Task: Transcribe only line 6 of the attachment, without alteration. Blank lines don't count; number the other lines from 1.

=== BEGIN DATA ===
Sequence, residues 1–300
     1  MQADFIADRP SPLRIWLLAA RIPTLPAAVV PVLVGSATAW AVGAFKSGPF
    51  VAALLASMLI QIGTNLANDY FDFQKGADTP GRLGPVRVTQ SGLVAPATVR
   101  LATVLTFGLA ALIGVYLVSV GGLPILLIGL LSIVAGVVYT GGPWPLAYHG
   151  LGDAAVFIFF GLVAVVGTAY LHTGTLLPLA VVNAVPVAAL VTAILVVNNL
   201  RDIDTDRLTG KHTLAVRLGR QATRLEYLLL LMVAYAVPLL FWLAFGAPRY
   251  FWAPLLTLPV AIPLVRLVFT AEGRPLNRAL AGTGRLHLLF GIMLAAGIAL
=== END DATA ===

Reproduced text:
   201  RDIDTDRLTG KHTLAVRLGR QATRLEYLLL LMVAYAVPLL FWLAFGAPRY